I was super bummed. When someone asked me to “introduce the real Hawaii” to them while I was in my hometown, Hilo, I took that job pretty seriously. I took my mainland friend to both sides of the island, made them try some local grinds, and showed them some of my favorite spots. But when those efforts weren’t recognized or appreciated in the way I wanted them to be, meaning they didn’t like the food, they didn’t want to do things that make the island epic, etc, I got disappointed. It’s not that I was disappointed at the person I was showing around the island, it’s just the fact that they didn’t experience Hawaii. They were just there, a person on the island.
Whenever I travel, I like to be a “knowledgeable tourist” (article on that coming soon!), meaning that I’ve done my research ahead of time. I’m not ignorantly traveling to a country or place and eating the same foods I’d eat at home, or stay in the hotel all day. And if I don’t know about the place, I’d usually have a local to show me around (like I did a lot when I was in Utah). I feel like you can’t appreciate a place if you don’t know anything about it, or if you don’t know what you’re looking for. I’m an advocate of wanderlust, but being someone consumed by wanderlust means to explore, appreciate, and, above all, experience things.
Being a Hawaii girl, I want people to experience Hawaii. I want them to taste the foods, appreciate the nature, and enjoy the places and things that are near and dear to my heart. But what I quickly learned through talking to people about Hawaii or showing my mainland friends around, is that when people visit Hawaii, they don’t always want that… they want the experience that they’ve seen in movies and in magazines. They want the pineapples and straw hats, the fire dancing and roasted pigs.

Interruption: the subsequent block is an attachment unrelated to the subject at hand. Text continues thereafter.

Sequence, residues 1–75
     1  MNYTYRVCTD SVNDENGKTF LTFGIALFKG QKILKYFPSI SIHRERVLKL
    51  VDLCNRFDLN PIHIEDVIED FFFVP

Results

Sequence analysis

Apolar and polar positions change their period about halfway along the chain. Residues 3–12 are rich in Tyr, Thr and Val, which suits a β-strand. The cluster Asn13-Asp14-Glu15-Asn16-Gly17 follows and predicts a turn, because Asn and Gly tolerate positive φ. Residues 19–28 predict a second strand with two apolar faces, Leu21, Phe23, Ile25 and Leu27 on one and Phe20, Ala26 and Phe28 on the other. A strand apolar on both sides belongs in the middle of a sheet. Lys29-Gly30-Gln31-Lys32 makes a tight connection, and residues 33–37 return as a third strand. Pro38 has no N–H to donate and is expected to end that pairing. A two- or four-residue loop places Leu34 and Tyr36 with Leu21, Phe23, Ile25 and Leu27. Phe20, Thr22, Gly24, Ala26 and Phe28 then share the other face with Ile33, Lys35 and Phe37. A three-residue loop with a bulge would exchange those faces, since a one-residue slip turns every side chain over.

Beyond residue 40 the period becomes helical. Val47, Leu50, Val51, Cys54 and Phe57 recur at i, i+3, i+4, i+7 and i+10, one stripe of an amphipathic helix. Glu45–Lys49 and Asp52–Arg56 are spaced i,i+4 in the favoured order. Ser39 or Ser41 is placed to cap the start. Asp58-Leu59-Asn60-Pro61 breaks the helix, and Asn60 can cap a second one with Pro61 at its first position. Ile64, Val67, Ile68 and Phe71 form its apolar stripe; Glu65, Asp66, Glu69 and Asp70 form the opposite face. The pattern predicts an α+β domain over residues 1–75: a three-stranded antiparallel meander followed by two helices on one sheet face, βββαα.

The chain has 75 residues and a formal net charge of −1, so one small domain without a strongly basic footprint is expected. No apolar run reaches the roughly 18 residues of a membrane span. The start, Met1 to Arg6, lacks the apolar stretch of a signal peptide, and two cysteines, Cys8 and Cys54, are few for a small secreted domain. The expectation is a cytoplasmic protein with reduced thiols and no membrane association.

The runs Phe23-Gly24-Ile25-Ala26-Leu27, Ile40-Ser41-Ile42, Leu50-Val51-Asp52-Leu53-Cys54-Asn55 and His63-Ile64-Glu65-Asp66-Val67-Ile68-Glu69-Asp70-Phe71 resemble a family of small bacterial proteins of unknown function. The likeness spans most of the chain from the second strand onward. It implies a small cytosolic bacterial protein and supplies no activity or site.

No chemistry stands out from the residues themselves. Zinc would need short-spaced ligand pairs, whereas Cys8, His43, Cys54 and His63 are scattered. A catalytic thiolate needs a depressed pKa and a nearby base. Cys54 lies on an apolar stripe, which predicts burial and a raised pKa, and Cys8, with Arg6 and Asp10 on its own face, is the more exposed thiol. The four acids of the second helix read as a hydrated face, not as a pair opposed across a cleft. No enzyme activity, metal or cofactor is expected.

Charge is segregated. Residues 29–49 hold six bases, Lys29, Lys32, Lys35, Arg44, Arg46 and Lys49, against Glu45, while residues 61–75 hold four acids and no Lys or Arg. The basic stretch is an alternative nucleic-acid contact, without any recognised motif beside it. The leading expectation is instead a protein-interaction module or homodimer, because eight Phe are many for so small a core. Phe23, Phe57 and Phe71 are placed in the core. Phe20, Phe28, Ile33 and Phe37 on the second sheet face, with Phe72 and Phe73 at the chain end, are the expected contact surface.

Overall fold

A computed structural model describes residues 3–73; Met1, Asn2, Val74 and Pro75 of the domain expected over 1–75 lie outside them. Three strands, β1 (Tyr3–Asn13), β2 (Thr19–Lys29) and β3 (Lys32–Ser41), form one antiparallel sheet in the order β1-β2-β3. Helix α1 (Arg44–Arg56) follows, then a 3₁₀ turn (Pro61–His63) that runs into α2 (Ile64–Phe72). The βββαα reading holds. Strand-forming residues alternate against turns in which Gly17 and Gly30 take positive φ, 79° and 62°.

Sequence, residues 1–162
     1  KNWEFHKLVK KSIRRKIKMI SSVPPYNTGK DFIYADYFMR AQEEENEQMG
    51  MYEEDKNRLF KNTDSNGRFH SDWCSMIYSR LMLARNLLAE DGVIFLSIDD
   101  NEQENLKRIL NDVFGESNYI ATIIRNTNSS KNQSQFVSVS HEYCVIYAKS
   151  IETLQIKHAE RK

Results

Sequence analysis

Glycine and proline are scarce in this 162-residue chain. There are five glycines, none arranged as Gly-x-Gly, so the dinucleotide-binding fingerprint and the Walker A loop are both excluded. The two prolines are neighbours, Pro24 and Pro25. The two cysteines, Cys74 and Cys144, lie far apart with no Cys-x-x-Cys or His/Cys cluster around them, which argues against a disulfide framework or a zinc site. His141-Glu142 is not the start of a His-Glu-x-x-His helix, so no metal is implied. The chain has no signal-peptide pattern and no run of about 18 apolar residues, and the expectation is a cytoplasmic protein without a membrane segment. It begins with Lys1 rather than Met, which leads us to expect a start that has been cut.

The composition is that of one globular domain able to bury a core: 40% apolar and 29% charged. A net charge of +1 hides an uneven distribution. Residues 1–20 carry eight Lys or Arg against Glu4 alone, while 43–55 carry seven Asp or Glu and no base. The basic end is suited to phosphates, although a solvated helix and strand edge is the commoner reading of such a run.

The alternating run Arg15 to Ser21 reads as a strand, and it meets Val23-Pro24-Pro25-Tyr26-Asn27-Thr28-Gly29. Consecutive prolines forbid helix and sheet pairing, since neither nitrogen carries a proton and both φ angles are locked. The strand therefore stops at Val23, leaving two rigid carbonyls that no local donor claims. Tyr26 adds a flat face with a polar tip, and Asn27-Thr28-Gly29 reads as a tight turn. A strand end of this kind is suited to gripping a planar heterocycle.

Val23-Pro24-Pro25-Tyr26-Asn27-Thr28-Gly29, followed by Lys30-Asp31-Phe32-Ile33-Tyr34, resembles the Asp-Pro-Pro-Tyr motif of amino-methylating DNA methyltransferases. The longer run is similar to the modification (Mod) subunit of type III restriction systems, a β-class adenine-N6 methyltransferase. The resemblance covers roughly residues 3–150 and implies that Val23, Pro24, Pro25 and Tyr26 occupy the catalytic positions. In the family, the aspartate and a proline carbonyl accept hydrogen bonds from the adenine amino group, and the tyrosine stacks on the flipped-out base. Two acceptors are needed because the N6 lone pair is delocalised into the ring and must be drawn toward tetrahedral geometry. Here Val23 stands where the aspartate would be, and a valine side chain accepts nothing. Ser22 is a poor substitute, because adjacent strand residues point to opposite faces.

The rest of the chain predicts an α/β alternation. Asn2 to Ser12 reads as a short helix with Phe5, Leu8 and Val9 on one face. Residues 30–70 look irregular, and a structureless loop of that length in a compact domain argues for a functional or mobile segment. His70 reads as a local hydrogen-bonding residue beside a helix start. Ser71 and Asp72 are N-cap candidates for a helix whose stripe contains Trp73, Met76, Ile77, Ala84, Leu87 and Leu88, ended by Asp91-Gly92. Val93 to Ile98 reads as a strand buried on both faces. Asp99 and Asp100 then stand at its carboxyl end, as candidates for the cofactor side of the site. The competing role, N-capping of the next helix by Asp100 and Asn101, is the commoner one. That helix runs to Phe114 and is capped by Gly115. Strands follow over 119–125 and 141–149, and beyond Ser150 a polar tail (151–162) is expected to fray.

And that’s ok. I learned that I have to be ok with that, because I realize that some people do save up their whole lives to visit Hawaii, and that their vacation there is the epitome of years of hard work and sacrifice. So why shouldn’t they be able to live and experience their “ideal” Hawaii? While I was disappointed, I did learn a valuable lesson that it’s not about my expectations of what a place should be to someone. A place is just a place, and you get the experience out of it that you want.
But at the same time I thought it would be fun to make a list of the difference in expectations between locals and tourists. This might help both Hawaii locals and tourists understand each other a little better, and, especially for locals, it might help shed some light on the mentality of tourists and help us to not get upset (or disappointed, or irritated, or maybe I’m the only who it starts to nag on) whenever our expectations of Hawaii don’t exactly match up with a tourist or visitor’s expectation!
Local Expectation: We looooooove our Hawaiian food! Poi, laulau, kalua pig, lomi salmon, chicken long rice, sweet potato, haupia… the list could go on and on. That is an authentic Hawaiian plate. Let’s not forget to mention some other local favorites that we might want anyone to try that wants an authentic Hawaiian experience: poke bowl, sushi, pancit, bentos, musubi, and mochi.